Wednesday, 21 May 2014

Masking a volume.

Today we'll look at defining a 3d mask.

I originally made this set up for a quick and dirty rain test. The rain was one big gpu particles emitter, no collisions, no nothing, so it was raining indoors.
The dirty approach to solve this issue was to make the rain transparent in the indoors volume.

The idea is to define the range which will remain white in each of the x, y and z axis and then multiply everything together to define the volume.

Defining the range per axis.

We're using a set up I've already described so I'll be quick there. (Told you I liked to use it all over the place.)
 For each axis, we're remapping a range of values to a gradient from 0 to 1, then we will also ceil it and clamp the result.

We do it for the min, and we end up with 0 below the minimum and 1 until the infinite.
We do the same thing again but we invert the values (min becomes max and vice versa) so we end up with 0 above the max and an infinite 1 in the negative direction.
Finally, we multiply the min and the max.

Now our range is 1 and any value above or below is 0.

Doing it the proper way.

That was the simple way of explaining it and the way I actually created the original material, but while I recreated it for this post I realised the set up could be simplified a lot with a decent saving on instructions count (34 instead of 43). The idea is the same but we're dealing with all 3 channels at the same time for the mins on the one hand and on the other hand for the maxs. After we've been through the value (world position in this case) minus min / divided by max minus min / ceil / constant clamp, we separate the 3 channels (with a component mask) and multiply them by one another.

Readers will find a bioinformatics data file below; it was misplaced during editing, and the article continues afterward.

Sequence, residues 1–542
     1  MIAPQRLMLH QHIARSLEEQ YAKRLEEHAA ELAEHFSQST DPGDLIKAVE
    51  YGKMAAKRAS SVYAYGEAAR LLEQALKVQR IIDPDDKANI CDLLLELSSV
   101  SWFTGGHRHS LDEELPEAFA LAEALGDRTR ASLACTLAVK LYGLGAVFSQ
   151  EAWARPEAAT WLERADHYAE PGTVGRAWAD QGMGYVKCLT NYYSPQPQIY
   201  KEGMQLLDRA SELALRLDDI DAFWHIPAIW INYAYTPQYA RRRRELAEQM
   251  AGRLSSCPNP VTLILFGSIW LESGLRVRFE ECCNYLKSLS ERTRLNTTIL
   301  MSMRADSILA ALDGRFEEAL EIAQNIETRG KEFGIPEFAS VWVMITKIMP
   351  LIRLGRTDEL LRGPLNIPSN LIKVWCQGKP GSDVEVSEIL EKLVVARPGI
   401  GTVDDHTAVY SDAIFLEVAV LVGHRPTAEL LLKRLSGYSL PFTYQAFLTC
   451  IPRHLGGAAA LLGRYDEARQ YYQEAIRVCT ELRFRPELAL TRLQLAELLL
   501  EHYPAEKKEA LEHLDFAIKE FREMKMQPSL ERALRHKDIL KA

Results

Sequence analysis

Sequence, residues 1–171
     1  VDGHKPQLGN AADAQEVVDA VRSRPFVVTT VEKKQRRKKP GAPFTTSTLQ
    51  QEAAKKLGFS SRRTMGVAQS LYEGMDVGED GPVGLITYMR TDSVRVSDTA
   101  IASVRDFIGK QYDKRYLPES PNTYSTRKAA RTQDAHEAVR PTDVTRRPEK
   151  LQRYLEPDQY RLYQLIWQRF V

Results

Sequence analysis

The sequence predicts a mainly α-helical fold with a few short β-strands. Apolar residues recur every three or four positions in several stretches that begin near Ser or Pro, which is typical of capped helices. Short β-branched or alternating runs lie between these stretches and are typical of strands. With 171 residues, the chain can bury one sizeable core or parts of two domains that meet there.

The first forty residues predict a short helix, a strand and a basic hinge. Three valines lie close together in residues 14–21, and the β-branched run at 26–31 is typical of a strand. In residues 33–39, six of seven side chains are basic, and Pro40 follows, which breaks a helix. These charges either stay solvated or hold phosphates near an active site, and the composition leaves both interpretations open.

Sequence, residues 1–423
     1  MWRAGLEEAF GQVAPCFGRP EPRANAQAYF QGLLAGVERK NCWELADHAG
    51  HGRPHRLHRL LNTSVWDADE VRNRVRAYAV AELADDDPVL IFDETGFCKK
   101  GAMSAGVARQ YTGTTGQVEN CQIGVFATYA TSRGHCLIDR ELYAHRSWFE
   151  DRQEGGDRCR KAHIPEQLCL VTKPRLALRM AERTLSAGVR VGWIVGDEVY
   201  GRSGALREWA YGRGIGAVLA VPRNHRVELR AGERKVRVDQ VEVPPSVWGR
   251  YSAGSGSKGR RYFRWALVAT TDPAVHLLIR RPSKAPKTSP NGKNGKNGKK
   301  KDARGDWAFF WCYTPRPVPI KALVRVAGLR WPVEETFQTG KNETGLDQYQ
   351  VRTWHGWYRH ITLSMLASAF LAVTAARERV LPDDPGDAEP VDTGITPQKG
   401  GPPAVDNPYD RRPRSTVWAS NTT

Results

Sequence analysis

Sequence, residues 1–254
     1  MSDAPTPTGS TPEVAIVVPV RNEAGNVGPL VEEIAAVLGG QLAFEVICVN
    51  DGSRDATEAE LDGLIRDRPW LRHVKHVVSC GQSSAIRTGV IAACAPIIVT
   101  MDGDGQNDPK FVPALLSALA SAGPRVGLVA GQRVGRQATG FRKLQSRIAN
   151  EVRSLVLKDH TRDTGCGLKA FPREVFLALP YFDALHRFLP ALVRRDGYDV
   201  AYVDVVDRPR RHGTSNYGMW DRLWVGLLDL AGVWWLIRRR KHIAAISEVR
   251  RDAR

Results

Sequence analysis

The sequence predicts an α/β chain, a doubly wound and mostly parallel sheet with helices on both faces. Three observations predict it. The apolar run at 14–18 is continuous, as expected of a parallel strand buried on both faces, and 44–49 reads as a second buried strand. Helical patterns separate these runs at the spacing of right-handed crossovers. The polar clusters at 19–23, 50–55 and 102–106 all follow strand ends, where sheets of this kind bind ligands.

We end up for the mins with 0 below the min and an infinite 1 along the positive of each axis, and for the maxs with 0 above the max and an infinite 1 along the negative of each axis. 
Multiply mins and maxs together and you've got your volume.

In the following video, I'm moving the emitter around so you can see that the coordinates are in world space. (I applied that material to a bunch of simple sprites.)

We could also make them local space if we'd fancy that, by simply subtracting the object position to the world position.


  1. Adding to this, you can use a top-view render of a map as a "height-mask". This way it wont rain in interiors...:)

  2. tnx, hope be continue even on UE4 material 8-D

    1. I'll need to get a copy of UE4 first :/
      One of these days maybe. In the meantime everything UDK based can be replicated in UE4 :)